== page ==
Gadling goes camping (win free Coleman stuff!)

Every once in awhile, when the writers over at Gadling get tired of the same old motorcycle rides across Asia and space flights, we just want to travel “simple.” And that’s when a camping trip can be great. Most of us, no matter how large or small the city we live in, are within a few hours’ drive of some great unspoiled wilderness where we can pitch a tent, get a nice fire going and spend the night gazing up at the stars.

With that instinct in mind I set out on a camping trip of my own last month to the great New England state of Vermont. But it also goes without saying that I am not really the camping type – leave me alone in the woods for a day or so and I would probably end up squatting in a ditch with nothing but a few strategically-placed leaves to wear as underwear. It soon became clear that I would need some good camping gear for my trip. But how does one pick appropriate gear for camping? If you work for a travel site, you just make a few calls. Soon I was chatting with Dawn at Coleman, who generously provided me with a few products to test out during my trip.

How did these products hold up in the wilderness of Vermont? Would my camping trip end with me trapped up to my neck in a sleeping back unable to get out? Read on to see what happened…Coleman Propane Grill Stove
Don’t get me wrong, sitting around a roaring campfire represents the quintessential camping experience. But when it comes to cooking, camping novices are not going to want to waste their time with anything more than hot dogs or s’mores on a big open flame. The fire either burns everything to a crisp or doesn’t cook it well enough.

That’s where a portable stove like Coleman’s unit came in handy on my trip. Combining an open stove-top burner with a grilltop, it’s just what you need to make yourself a halfway decent meal out in the open. I was quite pleased with the stove’s open burner, which quickly boiled water and made short work of sautéing some vegetables. But the grilling side? Forget it. It barely ever got hot enough to burn my hand. It’s best to keep to simple easily cooked items – so leave the soufflés at home.

Coleman Dynamo Lantern
I live in New York City, so the concept of total darkness is quite foreign to me. Out in the woods though, when the sun goes down, forget trying to find your way around by the light of the moon. You’re going to need a flashlight or a lantern. The nice thing about the lantern I brought was it was powered by hand-crank – you just pull out the handle and crank it around a few times to give it a charge. That’s both a positive and a negative – any time I needed it, I would crank my lantern for a good minute or so and be reward with a small match-size flickering beam. It’s enough to find your way back to your tent but don’t count on it to read Call of the Wild.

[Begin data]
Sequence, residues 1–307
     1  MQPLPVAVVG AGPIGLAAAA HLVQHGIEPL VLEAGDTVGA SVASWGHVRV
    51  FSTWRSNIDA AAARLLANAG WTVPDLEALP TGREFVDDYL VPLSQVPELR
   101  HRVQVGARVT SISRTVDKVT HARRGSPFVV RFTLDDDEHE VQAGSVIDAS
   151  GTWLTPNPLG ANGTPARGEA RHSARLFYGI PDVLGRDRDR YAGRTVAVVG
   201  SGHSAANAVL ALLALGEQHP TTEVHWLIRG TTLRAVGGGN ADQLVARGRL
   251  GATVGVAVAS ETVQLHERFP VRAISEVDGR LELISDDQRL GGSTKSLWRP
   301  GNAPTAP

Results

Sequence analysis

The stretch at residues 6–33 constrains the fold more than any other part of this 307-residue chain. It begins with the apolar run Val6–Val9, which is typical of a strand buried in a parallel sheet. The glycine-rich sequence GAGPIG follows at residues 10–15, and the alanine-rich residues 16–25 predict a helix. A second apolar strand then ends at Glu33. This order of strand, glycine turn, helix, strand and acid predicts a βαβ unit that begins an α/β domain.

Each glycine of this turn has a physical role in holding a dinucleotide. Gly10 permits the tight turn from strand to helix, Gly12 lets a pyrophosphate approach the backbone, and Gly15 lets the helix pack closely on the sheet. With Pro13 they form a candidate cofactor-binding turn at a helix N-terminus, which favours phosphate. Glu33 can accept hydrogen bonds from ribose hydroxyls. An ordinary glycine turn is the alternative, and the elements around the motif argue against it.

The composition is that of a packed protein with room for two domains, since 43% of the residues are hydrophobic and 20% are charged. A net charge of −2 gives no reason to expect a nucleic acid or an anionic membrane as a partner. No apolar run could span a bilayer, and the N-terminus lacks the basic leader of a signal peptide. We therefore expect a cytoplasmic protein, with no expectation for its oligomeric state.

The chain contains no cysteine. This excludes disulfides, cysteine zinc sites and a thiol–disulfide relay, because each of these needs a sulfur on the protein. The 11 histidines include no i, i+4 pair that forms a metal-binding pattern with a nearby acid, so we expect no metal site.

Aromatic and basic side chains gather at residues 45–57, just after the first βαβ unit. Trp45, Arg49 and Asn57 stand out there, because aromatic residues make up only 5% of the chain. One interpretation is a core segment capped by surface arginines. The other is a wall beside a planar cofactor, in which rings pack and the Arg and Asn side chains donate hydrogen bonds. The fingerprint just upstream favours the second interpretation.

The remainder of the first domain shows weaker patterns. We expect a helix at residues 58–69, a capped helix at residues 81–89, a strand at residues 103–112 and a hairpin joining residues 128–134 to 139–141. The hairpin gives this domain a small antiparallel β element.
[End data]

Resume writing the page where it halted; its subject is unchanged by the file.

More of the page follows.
Interestingly enough, Coleman’s lantern has another feature – it apparently charges cell phones. My problem with this? Neither me nor any of my friends was able to find a compatible phone among the 5 of us. Best check your phone model before counting on this baby to give your handset some juice.

Coleman Cool Zephyr Ceiling Fan with Light
Perhaps I’m just naïve when it comes to camping (the answer is yes) but this little unit was a godsend. Clipping easily to the roof of my tent with a magnet, this hanging unit not only provides a powerful light beam to illuminate your tent interior – it also has a built in fan to keep things cool. Trust me, when the sun hits your tent at 7am, and the huge down sleeping bag and nylon tent you’re inside turn you into a human baked potato in a convection oven, you’re going to want some ventilation. This unit is fairly small, inconspicuous but still highly useful.

Wrap-Up (and a contest!)
So did I discover any truths about the universe while I was out communing with nature and my new camping gear? Not really, unless you count the 20-30 mosquito bites I got as some sort of perverse, itchy knowledge.

What I did learn however, is that we like to give things away here at Gadling. Want to do some camping of your own? How about a portable stove, hand-crank lantern or light/fan unit to get your trip started right? Just leave an entry telling us about your favorite camping experience in the comments below and we’ll draw a lucky winner by Friday, August 29th.

Now get out there and commune with nature!

  • To enter, simply leave a comment below telling us about your favorite camping experience.
  • The comment must be left before Friday, August 29th, 2008 at 5PM Eastern Time.
  • You may enter only once.
  • Three winners will be selected in a random drawing.
  • Three Grand Prize Winners will be randomly selected to receive one of the following: a Coleman Propane Grill Stove, Coleman Crank-Powered Lantern or a Coleman Interior Tent Light/Fan
  • Open to legal residents of the 50 United States, and the District of Columbia who are 18 and older.
  • Grill-Stove is valued at $79.99, Dynamo Lantern at $34.99 and Ceiling Fan with Light at $19.99.
  • Click Here for complete Official Rules.

WoodGas Camp Stove: Smaller, Lighter, More Efficient

WoodGas Camp StoveThe WoodGas Camp Stove is more clever than its name suggests. A revolution in outdoor cooking, this tough stove starts quickly and easily; weighs only 2 pounds; uses 90% less fuel than ordinary stoves; and burns almost any plant-based fuel. You can even burn wet plant material.

Using a small (battery- or solar-powered) fan to draw fresh air into the unit’s dual stage combustion chamber, the WoodGas stove effectively burns fuel twice — allowing for a cleaner, hotter, more efficient stove.

Developed by a scientist with more than 30 years experience in biomass energy, the compact Stove is perfect for backpacking, hiking, camping, tailgating, hurricane preparedness, or making s’mores in the backyard. Get yours for $50. Bearded, woodsy, avuncular man not included.